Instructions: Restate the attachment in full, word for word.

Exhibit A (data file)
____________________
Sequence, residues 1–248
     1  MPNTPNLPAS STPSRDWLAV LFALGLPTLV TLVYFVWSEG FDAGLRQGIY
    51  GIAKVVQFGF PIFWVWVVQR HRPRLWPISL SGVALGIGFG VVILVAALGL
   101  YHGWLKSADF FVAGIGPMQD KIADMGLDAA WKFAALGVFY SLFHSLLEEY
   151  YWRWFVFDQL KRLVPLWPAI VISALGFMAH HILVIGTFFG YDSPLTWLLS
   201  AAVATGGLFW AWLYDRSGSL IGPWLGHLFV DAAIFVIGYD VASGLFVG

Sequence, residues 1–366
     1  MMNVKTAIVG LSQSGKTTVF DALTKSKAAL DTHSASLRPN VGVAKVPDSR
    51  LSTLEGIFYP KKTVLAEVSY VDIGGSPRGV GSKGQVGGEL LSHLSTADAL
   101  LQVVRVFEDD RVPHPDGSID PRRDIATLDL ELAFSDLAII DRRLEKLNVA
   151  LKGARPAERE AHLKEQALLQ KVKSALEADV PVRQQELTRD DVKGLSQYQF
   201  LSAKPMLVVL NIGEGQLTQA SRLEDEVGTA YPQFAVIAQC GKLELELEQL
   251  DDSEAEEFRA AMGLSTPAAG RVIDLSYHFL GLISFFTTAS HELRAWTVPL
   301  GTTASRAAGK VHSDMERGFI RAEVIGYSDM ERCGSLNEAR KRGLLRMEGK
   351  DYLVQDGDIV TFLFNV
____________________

Sequence, residues 1–248
     1  MPNTPNLPAS STPSRDWLAV LFALGLPTLV TLVYFVWSEG FDAGLRQGIY
    51  GIAKVVQFGF PIFWVWVVQR HRPRLWPISL SGVALGIGFG VVILVAALGL
   101  YHGWLKSADF FVAGIGPMQD KIADMGLDAA WKFAALGVFY SLFHSLLEEY
   151  YWRWFVFDQL KRLVPLWPAI VISALGFMAH HILVIGTFFG YDSPLTWLLS
   201  AAVATGGLFW AWLYDRSGSL IGPWLGHLFV DAAIFVIGYD VASGLFVG

Sequence, residues 1–366
     1  MMNVKTAIVG LSQSGKTTVF DALTKSKAAL DTHSASLRPN VGVAKVPDSR
    51  LSTLEGIFYP KKTVLAEVSY VDIGGSPRGV GSKGQVGGEL LSHLSTADAL
   101  LQVVRVFEDD RVPHPDGSID PRRDIATLDL ELAFSDLAII DRRLEKLNVA
   151  LKGARPAERE AHLKEQALLQ KVKSALEADV PVRQQELTRD DVKGLSQYQF
   201  LSAKPMLVVL NIGEGQLTQA SRLEDEVGTA YPQFAVIAQC GKLELELEQL
   251  DDSEAEEFRA AMGLSTPAAG RVIDLSYHFL GLISFFTTAS HELRAWTVPL
   301  GTTASRAAGK VHSDMERGFI RAEVIGYSDM ERCGSLNEAR KRGLLRMEGK
   351  DYLVQDGDIV TFLFNV